If the big bands regimented and reined in the sounds of New Orleans jazz, it also permitted the emergence of the soloist, particularly on the saxophone and trumpet, probably the most important development of the era. Though featured soloists were not unknown in the New Orleans jazz style, big band jazz arrangements often used themes as mere preludes to extended solo improvisations, with both the rhythm section and the orchestra as a whole often serving as accompanists to whoever was soloing. No figure exemplified this change better than Louis Armstrong. Although bred in New Orleans, his stay in Chicago taught him much about the theatrical possibilities of a
well-constructed solo. During 1924 and 1925 he performed with the Henderson band in New York, where his majestic tone and unfailingly fresh phrasing almost singlehandedly turned that ensemble from a straitlaced dance band toward a New Orleans–influenced style that would eventually become known as swing. Armstrong's recordings with his own ensembles in the 1920s feature not only his brilliant trumpet but also his voice. By singing the same way that he played the trumpet, Armstrong became the model for superb jazz phrasing and popularized scat singing—using nonsense syllables instead of words. In the 1930s his recordings of such emerging standards as "Body and Soul" and "Stardust" proved that jazz could redefine pop tunes.
In 1929 Armstrong fronted a big band in New York, a move that signaled the decline of both Chicago and Chicago-style jazz in favor of Harlem as the new capital and swing big bands as the dominant sound. By the mid-1930s Harlem was the undisputed center of the jazz world, and the swing era coincided with the rise of Harlem as the focal point for African-American culture. The largest black community in the world made its home along 125th Street in Manhattan, attending elegant and inexpensive dance palaces and buying recordings also made in New York. However, it would be a mistake to focus exclusively on New York or Chicago. Many of the greatest swing big bands, known as territory bands, came from elsewhere. The Southwest, in particular Kansas City, an important railroad switching station as well as host to an extensive collection of mob-owned after-hours nightclubs, was the most important center for territory bands. In the early 1920s Bennie Moten's group had already inaugurated a Kansas City style, in its mature phase marked by looser, four-to-the-bar rhythms and freer styles of soloing. The pianist in the band, a student of Harlem stride named Count Basie, brought the core of that band to New York in 1936, and brought to prominence a whole new generation of hard-swinging soloists such as Lester Young, Herschel Evans, and Buck Clayton, as well as vocalist Jimmy Rushing.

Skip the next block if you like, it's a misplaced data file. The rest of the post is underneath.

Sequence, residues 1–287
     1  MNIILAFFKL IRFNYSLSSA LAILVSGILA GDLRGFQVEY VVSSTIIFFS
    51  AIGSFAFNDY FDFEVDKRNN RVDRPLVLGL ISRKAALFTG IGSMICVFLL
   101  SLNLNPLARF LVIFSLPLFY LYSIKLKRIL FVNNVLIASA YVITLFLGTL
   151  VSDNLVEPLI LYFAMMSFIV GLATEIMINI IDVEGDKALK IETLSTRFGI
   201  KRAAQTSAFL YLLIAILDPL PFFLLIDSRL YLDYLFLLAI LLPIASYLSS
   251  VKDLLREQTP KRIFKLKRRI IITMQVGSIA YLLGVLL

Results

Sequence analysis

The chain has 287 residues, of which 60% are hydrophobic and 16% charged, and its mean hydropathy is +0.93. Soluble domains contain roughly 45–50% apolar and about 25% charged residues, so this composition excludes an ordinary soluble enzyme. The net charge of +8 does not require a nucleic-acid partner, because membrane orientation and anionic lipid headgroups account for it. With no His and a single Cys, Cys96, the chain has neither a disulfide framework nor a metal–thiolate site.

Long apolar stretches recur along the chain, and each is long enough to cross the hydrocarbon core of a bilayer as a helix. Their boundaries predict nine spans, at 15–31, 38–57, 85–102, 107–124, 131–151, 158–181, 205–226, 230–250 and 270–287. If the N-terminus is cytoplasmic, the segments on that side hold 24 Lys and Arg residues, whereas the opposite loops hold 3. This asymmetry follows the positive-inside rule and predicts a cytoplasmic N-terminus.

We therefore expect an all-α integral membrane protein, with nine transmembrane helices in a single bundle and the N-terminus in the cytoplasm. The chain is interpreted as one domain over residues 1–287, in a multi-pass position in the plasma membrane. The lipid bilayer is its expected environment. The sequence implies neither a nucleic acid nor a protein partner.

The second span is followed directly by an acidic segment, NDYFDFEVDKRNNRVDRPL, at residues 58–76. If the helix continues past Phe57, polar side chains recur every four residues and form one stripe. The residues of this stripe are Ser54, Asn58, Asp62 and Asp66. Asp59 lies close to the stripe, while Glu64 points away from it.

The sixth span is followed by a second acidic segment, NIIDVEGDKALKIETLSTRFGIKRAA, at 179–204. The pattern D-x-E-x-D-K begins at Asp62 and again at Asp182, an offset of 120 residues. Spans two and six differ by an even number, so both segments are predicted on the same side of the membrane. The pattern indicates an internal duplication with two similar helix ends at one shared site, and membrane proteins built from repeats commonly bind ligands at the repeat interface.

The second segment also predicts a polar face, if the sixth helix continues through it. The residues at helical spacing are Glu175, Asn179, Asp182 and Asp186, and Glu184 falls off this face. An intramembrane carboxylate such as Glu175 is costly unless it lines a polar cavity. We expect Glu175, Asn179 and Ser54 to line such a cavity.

The big band era was the only time jazz was truly America's popular music. Starting in the late 1920s, the dance bands of Ellington, Henderson, Basie, Jimmie Lunceford, Andy Kirk, Teddy Hill, Earl "Fatha" Hines, as well as those of Chick Webb, Cab Calloway, and Lionel Hampton, competed with white bands led by Benny Goodman, Paul Whiteman, Tommy Dorsey, and Artie Shaw. The prominence of the soloist during the swing era marks the emergence of celebrity jazz musicians like Louis Armstrong, who became "stars" almost on a par with the most popular white entertainers of the day, such as Bing Crosby, in both white and black communities, in Europe as well as in America. The big band era also marks the emergence of tenor saxophonist stars such as Coleman Hawkins and Ben Webster, as well as vocalists such as Billie Holiday and Ella Fitzgerald.